Mike Moyers: Breakfast At Dawn

Saturday, August 1, 2015

Disappointment, fear, hatred, trouble, emptiness, and doubt – these are the valleys we traverse on our road with God’s glory. Jesus washes our feet, gives us life on his great vine of love, tells us of the Advocate and asks us to hand ourselves over for the gift healing unity. And Jesus asks that we hand ourselves over in humility as true followers rather than passing fans. These are the gifts we have discovered on our road with God’s glory. Today’s we look at our final lesson on Glory: The epilogue of the Jesus story is the prologue of our own. How do we wish to tell it?

When we spend time with the last chapter of John’s Gospel, we will find many parallels between the lives of the apostles and our own. We can look at this brief list and add examples of our own discipleship.

  • The apostles go back to their old way of earning a living when Jesus leaves; and this is what we often do when we discover something about the kingdom but do not quite own it. We revert to what is familiar, even if it is not good.
  • Jesus calls his followers “children”. If these fishermen and the women who tend to this group are children then certainly so are we.
  • It is the beloved apostle, John, who recognizes Jesus while the others do not. We can imagine how many times a day Jesus walks past us without our noticing.
  • Peter is so excited when he sees Jesus on the shoreline that he leaps from the boat to walk on water, doubts and falters, but rises when Jesus encourages him. We also do this when we respond to God’s call, flounder, yet are raised up by the Creator.
  • When Jesus tells the tired apostles where to fish there are too many to haul on board in the same body of water where there were none. Too often we are tempted to cease just fishing when we need to continue.
  • Jesus cooks and eats with his tired followers. The Resurrected Jesus is just as real as the Human Jesus, they are one and the same. And this man who loves us so much and so well calls us to be nourished in him. He calls us to this same resurrection that he experiences.

Footnotes and commentary tell us that the character of this last chapter of John has non-Johannine “peculiarities” that suggest it was written by Luke.  Others say that it was definitely written by John.  Whoever the writer, it is clear that he is impelled to depict with clarity the surprise and happiness of these disciples Jesus knows so well. The writer is also eager for his readers to experience this same surprise and happiness in their own lives. And so it is with the last verse that he invites us to add our own stories of glory in and with God to this incredible story of goodness, mercy and light in a world that is too often dark . . . There are also many other things that Jesus did, but if these were to be described individually, I do not think the whole world would contain the books that would be written.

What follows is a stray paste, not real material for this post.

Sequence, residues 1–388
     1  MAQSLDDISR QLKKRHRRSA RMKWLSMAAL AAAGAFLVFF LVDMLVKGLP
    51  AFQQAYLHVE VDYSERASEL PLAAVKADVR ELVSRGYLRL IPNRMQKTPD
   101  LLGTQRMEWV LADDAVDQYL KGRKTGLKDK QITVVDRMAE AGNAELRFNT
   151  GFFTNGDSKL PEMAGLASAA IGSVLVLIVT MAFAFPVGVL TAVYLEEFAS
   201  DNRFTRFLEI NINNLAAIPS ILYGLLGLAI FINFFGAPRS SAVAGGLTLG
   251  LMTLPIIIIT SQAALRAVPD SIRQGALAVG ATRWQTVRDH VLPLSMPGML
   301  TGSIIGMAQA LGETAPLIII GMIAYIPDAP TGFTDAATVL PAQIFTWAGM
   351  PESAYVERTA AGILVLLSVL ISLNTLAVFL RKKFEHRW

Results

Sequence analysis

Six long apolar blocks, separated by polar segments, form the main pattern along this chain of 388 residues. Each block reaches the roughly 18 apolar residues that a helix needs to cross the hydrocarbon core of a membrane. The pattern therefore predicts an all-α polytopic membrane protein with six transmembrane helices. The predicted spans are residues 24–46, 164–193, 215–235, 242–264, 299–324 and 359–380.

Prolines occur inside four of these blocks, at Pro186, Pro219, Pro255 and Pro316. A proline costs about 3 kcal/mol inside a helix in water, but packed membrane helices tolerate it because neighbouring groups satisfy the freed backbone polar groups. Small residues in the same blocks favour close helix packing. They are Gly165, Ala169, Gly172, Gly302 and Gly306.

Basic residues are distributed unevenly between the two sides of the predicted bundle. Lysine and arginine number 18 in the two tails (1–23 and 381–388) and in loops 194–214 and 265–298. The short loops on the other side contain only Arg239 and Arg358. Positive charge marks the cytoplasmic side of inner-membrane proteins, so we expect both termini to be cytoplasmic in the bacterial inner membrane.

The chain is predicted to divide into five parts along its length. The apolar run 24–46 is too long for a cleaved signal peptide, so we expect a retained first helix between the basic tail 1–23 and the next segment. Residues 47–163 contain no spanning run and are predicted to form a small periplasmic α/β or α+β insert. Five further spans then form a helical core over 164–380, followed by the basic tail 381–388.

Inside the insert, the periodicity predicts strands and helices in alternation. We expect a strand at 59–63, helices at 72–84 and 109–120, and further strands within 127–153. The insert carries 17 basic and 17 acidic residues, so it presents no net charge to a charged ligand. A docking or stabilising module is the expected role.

Jesus is as big as all of us.  Jesus is as small and intimate as each of us. Separately and together we are Christ. How do we take him into the world every day?  Is this epilogue the end of the story . . . or is it the beginning of another encounter between us and our God? Is this the beginning or the end of God’s glory?

Adapted from a reflection written on February 26, 2008.

Read Full Post »


John 16: Glory, Part VII – Trouble

Jan Victors: Hannah Giving her son Samuel to the priest Eli

Jan Victors: Hannah Giving her son Samuel to the priest Eli

Saturday, July 25, 2015

Today’s lesson on Glory: When we experience God’s glory, barrenness is made fertile, mourning becomes joy, and lack becomes surfeit. We must not avoid the deserts in our lives.

In his last evening with his disciples, Jesus leaves with a warning of persecution and he tells them of how the world will hate him and all that he stands for.  Discipleship will be difficult, he says, but there is also good news: a new Comforter will come to them and he himself will rejoin them in a way they have not been able to imagine.  He will return from the dead.  And he will reveal even more to them than he already has.  All of this is too much for them to take in.  It is too much for us to take in. Yet these words lay out the premise that we experience God’s glory through the trouble in our lives.

You will weep and mourn but the world will rejoice; you will have pain but your pain will turn into joy. 

All of this brings us to a basic truth: the difficulties we experience are more than they seem . . . they are opportunities for joy and an insurmountable interior peace. A mini-reflection from MAGNIFICAT reads: What we formerly perceived as barrenness in our life has become filled with a Presence – the Presence for which we were made.  This is in reference to an important story in 1 Samuel 1, the story of Hannah, the barren wife who pleads with God out of her sorrow.  Her request is granted and she not only bears her first son who becomes the great prophet Samuel, she bears even more.  We are told that Hannah weeps from the bitterness of her soul (1 Samuel 1:10).  Peninnah, her husband’s; second wife who is not barren, taunts Hannah about her apparent curse; Hannah persists in her praying.  The priest Eli believes her to be drunk (1 Samuel 1:13); yet Hannah continues in her prayer.  Then Eli tells her that the Lord will hear her petition and Hannah’s face is no longer downcast (1 Samuel 1:18).  She returns home and her grief becomes joy when she conceives and bears this son who is to be an integral part of human history.  It is then that she understands how her barrenness has turned into joy – through the work of God’s plan – and she rejoices that she has been able to participate fully in this mystery.  She sings a hymn of praise (1 Samuel 2): My heart rejoices in the Lord . . . there is no one like the Lord . . . there is no rock like our God . . . the Lord brings death and he makes alive . . . he brings down to the grave and he raises up.  It is not by strength that one prevails; those who oppose the Lord will be shattered . . . He will guard the feet of his saints.